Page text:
Martin Luther was born in Eisleben in Prussian Saxony. His parents were poor, but honest and industrious people. As a youth, Luther was subjected to strict discipline and taught to pray to God and the saints and to revere the church and its priests.
He studied scholastic philosophy at the University of Erfurt and became especially interested in the ancient classics. His ability as a student was indicated by the fact he passed the master’s examination in the winter of 1505, ranking second in a list of 17. He began to study law but soon turned to theology.
A sincere monk at Erfurt, Luther studied diligently and was ordained to the priesthood in the second year of his monastic life. During a visit to Rome in 1511 he became convinced of the “great truth of justification by faith” and began his preaching career. He was transferred to Wittenberg in 1511 and appointed sub-prior of the cathedral in the city. Upon receiving his doctorate degree in theology, Luther became a professor of biblical literature at the university and thus held three positions of sub-prior, preacher, and professor.
During that time, he became engaged in controversy concerning the priesthood of the church and sought to bring about a reformation among the clergy. The effort soon led to complications through which Luther became the object of attack. It was in Wittenberg, at noon on Oct. 31, 1517, that he nailed the “95 Latin Theses” to the doors of the Castle Church. His action signaled the beginning of the Protestant Reformation.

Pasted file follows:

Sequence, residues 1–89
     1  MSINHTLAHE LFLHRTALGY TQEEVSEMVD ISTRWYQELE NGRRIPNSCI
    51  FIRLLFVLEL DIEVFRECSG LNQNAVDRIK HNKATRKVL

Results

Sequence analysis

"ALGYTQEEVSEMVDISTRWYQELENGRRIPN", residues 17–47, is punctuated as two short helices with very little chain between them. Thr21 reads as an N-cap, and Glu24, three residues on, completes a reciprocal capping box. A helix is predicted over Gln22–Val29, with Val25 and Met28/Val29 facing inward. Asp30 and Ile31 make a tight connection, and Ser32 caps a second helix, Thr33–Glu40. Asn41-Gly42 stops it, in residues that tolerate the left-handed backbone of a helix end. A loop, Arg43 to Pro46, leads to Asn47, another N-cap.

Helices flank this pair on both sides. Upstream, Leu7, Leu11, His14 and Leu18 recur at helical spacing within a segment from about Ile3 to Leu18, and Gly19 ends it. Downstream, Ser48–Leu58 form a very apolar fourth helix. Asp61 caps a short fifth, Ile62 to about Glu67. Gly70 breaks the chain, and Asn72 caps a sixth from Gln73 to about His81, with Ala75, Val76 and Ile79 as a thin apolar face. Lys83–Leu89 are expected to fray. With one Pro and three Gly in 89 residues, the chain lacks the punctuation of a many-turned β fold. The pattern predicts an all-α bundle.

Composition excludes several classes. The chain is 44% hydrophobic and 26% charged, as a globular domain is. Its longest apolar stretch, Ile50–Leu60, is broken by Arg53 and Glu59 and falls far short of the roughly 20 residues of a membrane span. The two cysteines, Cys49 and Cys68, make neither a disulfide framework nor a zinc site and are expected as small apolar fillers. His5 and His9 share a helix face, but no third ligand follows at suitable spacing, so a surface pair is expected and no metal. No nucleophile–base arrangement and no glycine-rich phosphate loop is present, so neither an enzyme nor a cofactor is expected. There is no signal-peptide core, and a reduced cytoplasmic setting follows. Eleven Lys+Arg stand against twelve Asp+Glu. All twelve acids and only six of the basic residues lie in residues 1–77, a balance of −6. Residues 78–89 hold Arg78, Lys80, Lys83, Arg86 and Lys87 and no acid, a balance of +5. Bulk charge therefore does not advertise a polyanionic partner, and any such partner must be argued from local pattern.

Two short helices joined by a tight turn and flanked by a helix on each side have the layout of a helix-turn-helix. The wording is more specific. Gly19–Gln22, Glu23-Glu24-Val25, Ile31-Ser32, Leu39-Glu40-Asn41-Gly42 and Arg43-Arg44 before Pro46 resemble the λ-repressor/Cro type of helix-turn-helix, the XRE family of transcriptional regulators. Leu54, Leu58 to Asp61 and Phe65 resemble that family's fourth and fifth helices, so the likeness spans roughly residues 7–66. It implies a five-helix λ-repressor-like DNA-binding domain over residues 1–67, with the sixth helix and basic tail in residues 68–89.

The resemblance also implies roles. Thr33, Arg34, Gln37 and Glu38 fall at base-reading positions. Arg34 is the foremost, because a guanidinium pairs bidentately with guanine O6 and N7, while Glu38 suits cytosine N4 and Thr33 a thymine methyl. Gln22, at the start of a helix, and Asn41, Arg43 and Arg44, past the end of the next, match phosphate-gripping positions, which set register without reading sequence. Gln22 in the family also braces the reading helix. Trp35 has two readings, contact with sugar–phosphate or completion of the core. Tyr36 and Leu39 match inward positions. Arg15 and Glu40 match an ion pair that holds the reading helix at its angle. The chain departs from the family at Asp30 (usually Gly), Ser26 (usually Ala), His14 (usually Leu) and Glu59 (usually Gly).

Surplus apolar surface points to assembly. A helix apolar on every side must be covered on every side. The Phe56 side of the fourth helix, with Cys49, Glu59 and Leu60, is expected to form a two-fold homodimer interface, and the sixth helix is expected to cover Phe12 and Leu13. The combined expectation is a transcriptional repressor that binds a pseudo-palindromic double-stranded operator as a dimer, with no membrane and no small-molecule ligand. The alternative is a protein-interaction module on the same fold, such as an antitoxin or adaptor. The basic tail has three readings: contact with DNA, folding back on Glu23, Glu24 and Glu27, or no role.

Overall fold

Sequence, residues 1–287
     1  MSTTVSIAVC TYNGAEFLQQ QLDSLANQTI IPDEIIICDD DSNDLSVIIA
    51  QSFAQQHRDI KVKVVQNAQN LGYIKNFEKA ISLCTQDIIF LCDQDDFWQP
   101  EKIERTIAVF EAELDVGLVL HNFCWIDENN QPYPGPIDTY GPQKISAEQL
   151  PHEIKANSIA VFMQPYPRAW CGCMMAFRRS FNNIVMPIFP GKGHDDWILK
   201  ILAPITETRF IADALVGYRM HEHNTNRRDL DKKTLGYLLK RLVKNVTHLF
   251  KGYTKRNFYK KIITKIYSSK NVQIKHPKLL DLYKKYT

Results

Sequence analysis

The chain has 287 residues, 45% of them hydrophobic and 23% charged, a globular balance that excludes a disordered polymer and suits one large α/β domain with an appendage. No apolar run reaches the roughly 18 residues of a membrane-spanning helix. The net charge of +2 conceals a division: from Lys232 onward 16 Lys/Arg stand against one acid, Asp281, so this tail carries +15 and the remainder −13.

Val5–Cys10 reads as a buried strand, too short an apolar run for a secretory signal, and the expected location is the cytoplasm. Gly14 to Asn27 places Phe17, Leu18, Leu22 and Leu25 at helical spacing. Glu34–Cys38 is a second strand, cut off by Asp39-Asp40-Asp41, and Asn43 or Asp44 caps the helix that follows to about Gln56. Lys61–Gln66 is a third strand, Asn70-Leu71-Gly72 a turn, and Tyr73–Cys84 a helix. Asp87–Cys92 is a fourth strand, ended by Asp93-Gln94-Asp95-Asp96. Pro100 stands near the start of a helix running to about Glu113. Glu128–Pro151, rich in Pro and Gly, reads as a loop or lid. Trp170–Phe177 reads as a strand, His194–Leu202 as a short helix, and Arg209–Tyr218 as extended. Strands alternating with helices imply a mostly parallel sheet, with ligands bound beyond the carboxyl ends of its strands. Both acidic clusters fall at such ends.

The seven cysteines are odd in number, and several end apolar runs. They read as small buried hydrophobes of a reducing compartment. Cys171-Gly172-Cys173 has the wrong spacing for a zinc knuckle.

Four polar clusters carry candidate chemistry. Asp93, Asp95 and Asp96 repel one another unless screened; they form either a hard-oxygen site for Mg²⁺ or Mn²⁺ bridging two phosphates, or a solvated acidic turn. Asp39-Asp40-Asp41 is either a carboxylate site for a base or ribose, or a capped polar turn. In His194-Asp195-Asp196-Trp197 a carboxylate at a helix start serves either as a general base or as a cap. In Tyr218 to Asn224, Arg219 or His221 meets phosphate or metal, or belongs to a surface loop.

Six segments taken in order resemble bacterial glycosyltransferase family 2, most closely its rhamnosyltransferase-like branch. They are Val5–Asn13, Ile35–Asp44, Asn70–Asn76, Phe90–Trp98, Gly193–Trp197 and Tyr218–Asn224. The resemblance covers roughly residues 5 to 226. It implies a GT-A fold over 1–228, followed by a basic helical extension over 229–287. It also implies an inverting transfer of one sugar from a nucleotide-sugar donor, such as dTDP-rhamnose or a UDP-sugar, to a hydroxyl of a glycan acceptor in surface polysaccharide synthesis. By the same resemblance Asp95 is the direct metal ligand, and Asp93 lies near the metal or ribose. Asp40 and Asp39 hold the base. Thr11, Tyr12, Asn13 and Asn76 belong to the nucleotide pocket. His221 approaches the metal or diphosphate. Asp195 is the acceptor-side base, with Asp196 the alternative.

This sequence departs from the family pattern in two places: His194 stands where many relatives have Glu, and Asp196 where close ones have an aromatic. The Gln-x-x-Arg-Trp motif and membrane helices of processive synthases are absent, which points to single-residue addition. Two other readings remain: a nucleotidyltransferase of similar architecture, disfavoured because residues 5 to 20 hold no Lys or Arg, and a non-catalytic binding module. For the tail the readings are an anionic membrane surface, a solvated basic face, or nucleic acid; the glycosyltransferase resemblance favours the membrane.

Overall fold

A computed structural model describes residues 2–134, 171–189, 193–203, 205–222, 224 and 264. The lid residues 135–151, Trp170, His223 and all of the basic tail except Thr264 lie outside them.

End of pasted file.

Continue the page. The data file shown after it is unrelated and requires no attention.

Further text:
Among his reform efforts, Luther enabled the masses to read the Bible for the first time by translating it into vernacular German. The reading of the Bible, however, necessitated a system of education whereby the people could learn to read, leading to the establishment of classes and schools. The era marked the formation of a new church which was later named after Luther.
He died on Feb. 18, 1546 in Eisleben. His funeral oration was delivered by Phillipp Melanchthon, one of the great minds of Luther’s day.
The left side border symbols of the Luther window, numbered from top to bottom, are: 1. a cross pattee fitched, a decorative form of the cross often used on altar cloths or other items of church furniture; 2. Martin Luther’s coat of arms representing the work of Luther in bringing the light of truth to the Germany of his day; and 3. the shield of St. Simon Zelotes, an appropriate symbol for the Luther window because of the Bible with a fish symbol. Luther made a translation of the Bible into German and insisted that his followers become acquainted with its contents. The fish represents the message, “Jesus Christ, Son of God, Savior.” The message is the result of reading the letters of the Greek word ichthus(fish as an acrostic:
The right side border symbols of the Luther window, numbered from top to bottom, are: 1. the symbol of Concordia, a Lutheran image, with the lyre representing Luther’s musical ability and the coat of arms associated with the house of Luther; 2. a lamp of knowledge representing the light of God’s knowledge brought to the world in Christ and the spreading of the light through the preaching of the reformer; and 3. the symbol of St. Martin applying to Luther because he was baptized on St. Martin’s Day, Nov. 11, 1483, and was named after the saint.